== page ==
May 12, 2011
Mother Goats Know The Voice Of Their Young
According to researchers, goats are able to recognize the voices of their young kids, and differentiate them from other animals' offspring.
A mother goat can pick out her own baby from its voice by the time the kid is just five days old.
Researchers from Queen Mary, University of London played recordings of kids' bleats to female goats and studied their responses.
Dr. Elodie Briefer said she was surprised to find that the animals were able to pick out their own kids' voices.
"A mother and kid rely a lot on smell to recognize one another and, in the wild, during the first week of their lives, the animals hide in vegetation and don't call much. It's a strategy they use to avoid predators," she explained to BBC News.
"The mothers call to the kids when they want them to come and feed, so we expected that kids would recognize the mothers voices, but not vice versa."
Alan McElligott, Briefer's colleague, found that this was also the case for fallow deer, which adopt this anti-predator "hiding" strategy, although they do not belong to the same family of species as goats.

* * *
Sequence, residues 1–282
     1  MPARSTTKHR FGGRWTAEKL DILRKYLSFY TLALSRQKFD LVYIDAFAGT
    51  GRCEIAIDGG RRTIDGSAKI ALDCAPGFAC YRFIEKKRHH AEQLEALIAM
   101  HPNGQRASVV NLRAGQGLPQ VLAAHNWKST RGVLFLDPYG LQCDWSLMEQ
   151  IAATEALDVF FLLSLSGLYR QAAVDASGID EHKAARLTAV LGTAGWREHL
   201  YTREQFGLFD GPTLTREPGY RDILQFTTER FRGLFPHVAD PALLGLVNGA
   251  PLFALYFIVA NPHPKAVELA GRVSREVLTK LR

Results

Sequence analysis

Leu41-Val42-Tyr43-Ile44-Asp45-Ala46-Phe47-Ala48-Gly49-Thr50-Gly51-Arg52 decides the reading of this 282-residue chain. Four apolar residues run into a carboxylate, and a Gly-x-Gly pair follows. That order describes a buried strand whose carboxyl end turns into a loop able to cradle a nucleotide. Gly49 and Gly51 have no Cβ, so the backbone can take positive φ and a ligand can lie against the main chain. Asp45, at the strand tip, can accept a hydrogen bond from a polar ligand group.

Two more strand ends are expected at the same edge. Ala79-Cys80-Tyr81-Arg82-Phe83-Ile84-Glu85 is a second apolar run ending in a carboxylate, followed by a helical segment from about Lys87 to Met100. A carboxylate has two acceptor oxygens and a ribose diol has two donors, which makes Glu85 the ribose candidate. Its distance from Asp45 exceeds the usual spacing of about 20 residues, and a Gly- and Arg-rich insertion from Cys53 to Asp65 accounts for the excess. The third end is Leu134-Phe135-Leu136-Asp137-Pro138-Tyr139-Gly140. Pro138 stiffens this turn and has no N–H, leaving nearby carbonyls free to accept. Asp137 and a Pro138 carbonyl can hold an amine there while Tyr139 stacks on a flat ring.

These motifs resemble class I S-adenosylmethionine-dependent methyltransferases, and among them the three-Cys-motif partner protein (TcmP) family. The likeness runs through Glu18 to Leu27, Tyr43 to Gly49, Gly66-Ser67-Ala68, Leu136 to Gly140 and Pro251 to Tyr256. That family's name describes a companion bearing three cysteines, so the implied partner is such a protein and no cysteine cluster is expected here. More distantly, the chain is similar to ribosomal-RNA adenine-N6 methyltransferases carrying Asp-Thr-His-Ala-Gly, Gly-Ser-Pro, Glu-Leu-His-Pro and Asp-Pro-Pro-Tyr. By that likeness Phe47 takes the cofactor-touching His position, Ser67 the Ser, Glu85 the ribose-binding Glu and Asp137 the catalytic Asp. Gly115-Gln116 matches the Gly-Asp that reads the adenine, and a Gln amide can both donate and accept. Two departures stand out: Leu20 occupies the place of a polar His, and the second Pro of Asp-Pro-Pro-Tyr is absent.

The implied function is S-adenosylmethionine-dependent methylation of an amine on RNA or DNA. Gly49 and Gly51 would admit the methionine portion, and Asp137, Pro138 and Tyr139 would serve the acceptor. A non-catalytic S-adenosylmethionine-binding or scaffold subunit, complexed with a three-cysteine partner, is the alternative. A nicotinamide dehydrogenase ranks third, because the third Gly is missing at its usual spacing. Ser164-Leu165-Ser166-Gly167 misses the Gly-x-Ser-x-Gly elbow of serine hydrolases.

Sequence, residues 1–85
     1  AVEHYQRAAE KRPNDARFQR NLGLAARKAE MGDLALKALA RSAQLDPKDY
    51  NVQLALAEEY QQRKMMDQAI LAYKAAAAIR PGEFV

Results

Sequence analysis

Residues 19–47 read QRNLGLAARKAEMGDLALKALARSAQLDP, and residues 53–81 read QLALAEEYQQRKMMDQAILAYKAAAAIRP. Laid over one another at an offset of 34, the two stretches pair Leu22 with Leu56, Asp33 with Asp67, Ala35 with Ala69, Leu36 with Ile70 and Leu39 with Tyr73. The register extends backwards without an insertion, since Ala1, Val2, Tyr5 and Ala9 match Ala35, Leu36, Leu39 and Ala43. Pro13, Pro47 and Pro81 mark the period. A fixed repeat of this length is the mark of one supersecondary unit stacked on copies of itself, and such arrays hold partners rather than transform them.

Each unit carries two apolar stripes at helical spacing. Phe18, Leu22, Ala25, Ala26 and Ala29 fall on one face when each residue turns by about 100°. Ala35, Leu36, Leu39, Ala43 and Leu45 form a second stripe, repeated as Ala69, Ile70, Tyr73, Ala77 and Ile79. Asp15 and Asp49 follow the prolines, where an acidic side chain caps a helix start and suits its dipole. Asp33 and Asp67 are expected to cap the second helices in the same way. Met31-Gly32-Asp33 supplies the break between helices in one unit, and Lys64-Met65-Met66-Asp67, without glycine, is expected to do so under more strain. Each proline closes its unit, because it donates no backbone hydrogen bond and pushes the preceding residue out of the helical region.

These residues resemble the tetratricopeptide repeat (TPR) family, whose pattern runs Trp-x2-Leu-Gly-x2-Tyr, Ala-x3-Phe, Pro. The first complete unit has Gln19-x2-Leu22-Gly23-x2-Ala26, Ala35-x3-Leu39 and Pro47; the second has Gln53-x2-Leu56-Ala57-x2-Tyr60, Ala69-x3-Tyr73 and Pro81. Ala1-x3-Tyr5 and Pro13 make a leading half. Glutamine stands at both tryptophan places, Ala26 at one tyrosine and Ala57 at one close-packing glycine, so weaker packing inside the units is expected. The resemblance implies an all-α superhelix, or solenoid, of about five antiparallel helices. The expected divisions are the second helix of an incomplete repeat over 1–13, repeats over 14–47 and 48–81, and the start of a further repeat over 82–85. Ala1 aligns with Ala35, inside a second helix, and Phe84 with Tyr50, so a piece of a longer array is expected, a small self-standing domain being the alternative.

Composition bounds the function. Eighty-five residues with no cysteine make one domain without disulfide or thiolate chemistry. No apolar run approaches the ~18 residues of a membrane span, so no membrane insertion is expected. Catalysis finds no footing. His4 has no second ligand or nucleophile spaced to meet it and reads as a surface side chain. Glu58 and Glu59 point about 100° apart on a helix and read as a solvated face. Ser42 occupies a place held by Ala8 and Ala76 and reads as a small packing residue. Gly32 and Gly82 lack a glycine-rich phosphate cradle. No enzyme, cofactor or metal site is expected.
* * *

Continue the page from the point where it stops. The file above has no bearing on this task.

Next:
The researchers recorded and played back young kids' calls to the female goats at White Post Farm in Nottingham, U.K., and recorded their responses.
"We played the [mother] goats recordings of their own kids and those of other kids that were exactly the same age," she told BBC.
"Even [when the calls came from] kids that were five to six days old, we could see the mothers responding more to the voices of their own babies."
The females would react faster when hearing the voice of their own offspring.
The scientists say that understanding how domestic livestock behaves and communicates is important for good animal welfare.
"This helps us understand just how smart these animals are," Briefer told BBC. "Farmers might be able to adapt their own practices to accommodate this natural behavior."
The study is published in the journal Animal Cognition.
On the Net: